Monsignor Lynn, who supervised other clergy as an aide to the cardinal, was convicted of felony child endangerment and became the first U.S. church official sent to prison for his handling of abuse complaints. He is appealing his three- to six-year sentence.
Still, Bishop Finn's conviction is significant because it proves Monsignor Lynn's criminal prosecution was not an isolated event, but instead something that is likely to embolden prosecutors to go after church leaders who fail to protect children.
“Kansas City might mark a trend,” Mr. Lytton said. “It's no longer good enough to just file civil suits; criminal justice may be much quicker to get involved. Kansas City normalizes this kind of reaction to the scandal.”—www.shafaqna.com/English
Source: The Globe and Mail
SHAFAQNA (Shia News Association) — Iranian Canadians who’ve had their bank accounts with one of Canada’s biggest banks closed, often without notice, say they feel they’re being treated as second-class citizens.
Members of the community say TD Canada Trust began notifying a number of Iranian-Canadian clients in May that it would no longer provide them with banking services.
Some of the letters sent out earlier this month indicated the bank was closing the accounts in order to comply with Ottawa’s economic sanctions against the Iran.
“I’ve been a Canadian citizen for 10 years and this is the first time I’m feeling that I’ve been treated differently than a Canadian citizen,” says Pooya Sadeghi, who moved to Toronto from Iran 14 years ago.
Sadeghi says the TD account he shared with his wife and her parents was closed two days before he received a letter from the bank on May 2.
“They went to the grocery store to do some shopping, it didn’t work and the next day we received the letter,” he said in an interview with The Canadian Press.
“There was no explanation in our letter about why TD was closing the account,” he said.
In the past few weeks he found out that many other Iranian Canadians had had their accounts closed in similar circumstances and that the letters sent to them mentioned Canada’s economic sanctions.
Kaveh Shahrooz, vice-president of the Iranian Canadian Congress, says there is worry in the community that the bank’s decision may signal “an erosion” of their rights as Canadians.
Shahrooz says the letters TD sent out to clients did not indicate how that particular individual had violated the sanctions.
In a statement released Thursday, TD said it is required to comply with Canadian bank laws and regulations, “including economic sanctions, which prohibit U.S. from providing financial services to or for the benefit of certain countries, or any person in those countries.”
The emailed statement said decisions to end customer relationships are not taken lightly.
“Where we had a concern, we reached out to customers in advance to confirm or correct information in their accounts, via phone and registered mail,” said the statement from Barbara Timmins, manager of corporate communications. “In many cases, we did not hear back from them and based on the information on file, we had to apply the regulations and close the accounts.”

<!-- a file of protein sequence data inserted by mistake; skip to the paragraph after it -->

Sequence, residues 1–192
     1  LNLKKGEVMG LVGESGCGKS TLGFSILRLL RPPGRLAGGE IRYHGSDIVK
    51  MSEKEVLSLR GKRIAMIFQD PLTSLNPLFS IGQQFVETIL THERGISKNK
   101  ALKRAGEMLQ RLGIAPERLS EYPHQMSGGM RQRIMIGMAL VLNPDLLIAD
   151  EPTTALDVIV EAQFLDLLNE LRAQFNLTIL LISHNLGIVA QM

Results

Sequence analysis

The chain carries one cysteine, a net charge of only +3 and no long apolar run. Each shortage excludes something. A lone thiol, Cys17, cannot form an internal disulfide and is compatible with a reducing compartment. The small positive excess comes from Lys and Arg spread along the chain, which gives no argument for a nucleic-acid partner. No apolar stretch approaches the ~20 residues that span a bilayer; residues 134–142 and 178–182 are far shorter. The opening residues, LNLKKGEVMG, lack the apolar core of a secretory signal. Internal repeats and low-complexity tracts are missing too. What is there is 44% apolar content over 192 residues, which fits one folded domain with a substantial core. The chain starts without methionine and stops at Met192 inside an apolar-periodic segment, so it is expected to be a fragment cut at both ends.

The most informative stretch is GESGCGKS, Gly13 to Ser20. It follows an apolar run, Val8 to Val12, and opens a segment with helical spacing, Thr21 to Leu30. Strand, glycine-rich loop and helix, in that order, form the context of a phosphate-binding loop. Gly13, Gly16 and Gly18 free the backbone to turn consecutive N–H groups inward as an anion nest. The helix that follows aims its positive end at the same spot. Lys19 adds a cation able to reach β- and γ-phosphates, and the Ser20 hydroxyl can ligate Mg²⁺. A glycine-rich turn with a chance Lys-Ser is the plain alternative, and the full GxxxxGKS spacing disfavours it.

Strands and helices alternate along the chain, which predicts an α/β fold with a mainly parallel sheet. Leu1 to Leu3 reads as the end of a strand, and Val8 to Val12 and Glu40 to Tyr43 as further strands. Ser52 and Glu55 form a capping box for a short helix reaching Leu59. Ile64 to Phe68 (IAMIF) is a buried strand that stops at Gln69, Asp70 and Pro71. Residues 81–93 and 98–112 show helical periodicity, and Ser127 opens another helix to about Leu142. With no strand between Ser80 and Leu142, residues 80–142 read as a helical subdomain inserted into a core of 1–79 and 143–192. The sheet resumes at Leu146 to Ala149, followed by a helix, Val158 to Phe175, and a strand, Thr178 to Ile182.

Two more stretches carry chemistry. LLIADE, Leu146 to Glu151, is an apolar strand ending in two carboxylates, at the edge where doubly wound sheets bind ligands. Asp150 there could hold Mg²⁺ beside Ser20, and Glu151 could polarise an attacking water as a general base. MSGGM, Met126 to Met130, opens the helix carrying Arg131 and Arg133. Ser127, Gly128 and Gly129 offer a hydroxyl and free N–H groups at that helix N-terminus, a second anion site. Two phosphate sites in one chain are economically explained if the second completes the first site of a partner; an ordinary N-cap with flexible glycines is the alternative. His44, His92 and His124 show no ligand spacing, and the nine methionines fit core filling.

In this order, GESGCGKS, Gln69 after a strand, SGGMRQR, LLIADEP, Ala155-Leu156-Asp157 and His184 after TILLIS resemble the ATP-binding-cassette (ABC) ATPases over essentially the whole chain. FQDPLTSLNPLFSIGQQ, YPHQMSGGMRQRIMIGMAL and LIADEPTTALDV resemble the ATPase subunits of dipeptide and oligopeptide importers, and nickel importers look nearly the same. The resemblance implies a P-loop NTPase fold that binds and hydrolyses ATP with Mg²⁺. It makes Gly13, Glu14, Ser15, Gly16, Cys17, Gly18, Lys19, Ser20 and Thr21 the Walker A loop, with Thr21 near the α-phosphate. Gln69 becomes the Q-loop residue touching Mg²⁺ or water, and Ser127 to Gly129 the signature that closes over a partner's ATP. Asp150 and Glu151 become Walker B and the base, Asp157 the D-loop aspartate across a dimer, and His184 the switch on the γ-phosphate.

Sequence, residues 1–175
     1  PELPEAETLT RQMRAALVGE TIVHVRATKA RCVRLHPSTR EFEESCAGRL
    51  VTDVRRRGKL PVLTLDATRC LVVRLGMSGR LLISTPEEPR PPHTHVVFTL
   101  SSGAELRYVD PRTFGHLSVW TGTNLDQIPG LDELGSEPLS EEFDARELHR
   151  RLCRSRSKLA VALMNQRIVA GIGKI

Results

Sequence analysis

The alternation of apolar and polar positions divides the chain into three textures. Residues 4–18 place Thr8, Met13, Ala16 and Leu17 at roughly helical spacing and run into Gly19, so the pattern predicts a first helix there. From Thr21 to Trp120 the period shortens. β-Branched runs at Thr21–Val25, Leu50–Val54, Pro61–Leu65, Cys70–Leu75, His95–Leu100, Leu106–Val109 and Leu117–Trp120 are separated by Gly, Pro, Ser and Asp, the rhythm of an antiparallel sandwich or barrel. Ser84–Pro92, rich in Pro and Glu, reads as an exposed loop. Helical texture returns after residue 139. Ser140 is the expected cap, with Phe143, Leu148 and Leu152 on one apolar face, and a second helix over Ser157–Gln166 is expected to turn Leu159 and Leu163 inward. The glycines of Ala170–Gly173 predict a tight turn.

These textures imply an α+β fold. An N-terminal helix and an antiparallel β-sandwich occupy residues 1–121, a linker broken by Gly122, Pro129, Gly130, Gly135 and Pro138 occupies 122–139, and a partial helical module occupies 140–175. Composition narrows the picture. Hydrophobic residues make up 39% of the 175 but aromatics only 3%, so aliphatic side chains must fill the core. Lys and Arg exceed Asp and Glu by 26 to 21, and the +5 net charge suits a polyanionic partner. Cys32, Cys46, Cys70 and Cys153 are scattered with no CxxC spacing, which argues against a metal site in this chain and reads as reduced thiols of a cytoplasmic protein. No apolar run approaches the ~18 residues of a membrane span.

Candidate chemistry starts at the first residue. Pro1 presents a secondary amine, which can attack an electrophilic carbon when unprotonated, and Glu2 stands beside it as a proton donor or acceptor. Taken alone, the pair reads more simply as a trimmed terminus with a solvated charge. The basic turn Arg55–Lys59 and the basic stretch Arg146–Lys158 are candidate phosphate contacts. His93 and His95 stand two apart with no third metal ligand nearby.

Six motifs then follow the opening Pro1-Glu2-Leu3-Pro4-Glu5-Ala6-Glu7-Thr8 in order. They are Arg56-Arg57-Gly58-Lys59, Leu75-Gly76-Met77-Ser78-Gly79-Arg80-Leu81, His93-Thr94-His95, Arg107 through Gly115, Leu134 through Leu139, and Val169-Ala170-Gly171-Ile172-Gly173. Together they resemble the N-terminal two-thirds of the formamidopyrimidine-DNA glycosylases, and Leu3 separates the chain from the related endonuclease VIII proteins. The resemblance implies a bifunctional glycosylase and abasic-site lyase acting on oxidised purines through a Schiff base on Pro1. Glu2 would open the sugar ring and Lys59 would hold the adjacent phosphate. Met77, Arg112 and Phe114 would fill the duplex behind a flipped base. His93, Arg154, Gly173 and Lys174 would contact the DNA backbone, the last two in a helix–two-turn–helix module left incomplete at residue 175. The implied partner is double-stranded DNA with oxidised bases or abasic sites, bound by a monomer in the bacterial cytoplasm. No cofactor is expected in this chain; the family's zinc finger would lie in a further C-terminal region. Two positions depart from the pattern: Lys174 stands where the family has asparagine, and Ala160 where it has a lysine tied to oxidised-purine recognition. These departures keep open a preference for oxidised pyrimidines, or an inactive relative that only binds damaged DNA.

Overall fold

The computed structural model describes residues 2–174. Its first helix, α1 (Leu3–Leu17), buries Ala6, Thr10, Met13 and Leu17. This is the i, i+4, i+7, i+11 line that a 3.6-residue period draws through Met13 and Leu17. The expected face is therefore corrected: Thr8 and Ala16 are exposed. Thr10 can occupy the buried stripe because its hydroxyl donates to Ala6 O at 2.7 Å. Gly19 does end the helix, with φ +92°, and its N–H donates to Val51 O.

TD said it could not comment on “specific customer situations.”
Senior bank officials have promised to meet with community leaders on July 22 to discuss the matter.
The bank has not publicly revealed how many accounts belonging to Iranian Canadians have been closed, but Shahrooz says they have received complaints from British Columbia to the Maritimes, indicating that this is a country-wide issue.
Rachel Swiednicki, a spokeswoman for the Canadian Bankers Association, says a number of international sanctions prohibiting some financial and business activities with Iranian individuals, banks, companies and government institutions were strengthened in January.
“Each bank develops its own policies and procedures and takes the steps that it feels necessary to ensure that the bank is in compliance with these regulations,” she said in an email.
The CBA has no information on what banks are doing to comply with the regulations, she said.
A Bank of Montreal spokesman says the bank has closed or frozen accounts “but only in a very few instances where required.”
“BMO carefully assesses the regulations as well as the sanctions that the office of the superintendent of financial institutions publishes on this topic to ensure that our dealings with Iranian Canadians are compliant,” said Ralph Marranca.
Sadeghi says that he stays in contact with family members in Iran but has had no financial transactions with them.
He says it took TD representatives one month to reply to his request for an explanation for the account closure. The reply he received said they could not provide an explanation.
Sadeghi has since opened a new bank account with CIBC. He has also created a Facebook group called “Condemn TD Bank in their Treatment of clients with Iranian Background” and says he has received a lot of support.
On the Facebook group, there are a number of posts from people who say they are considering cancelling their TD bank accounts in protest.
“No Canadians should be subject to this. A discrimination and charter challenge should be in place,” said one post.
There is also a petition circulating online. — www.shafaqna.com/english/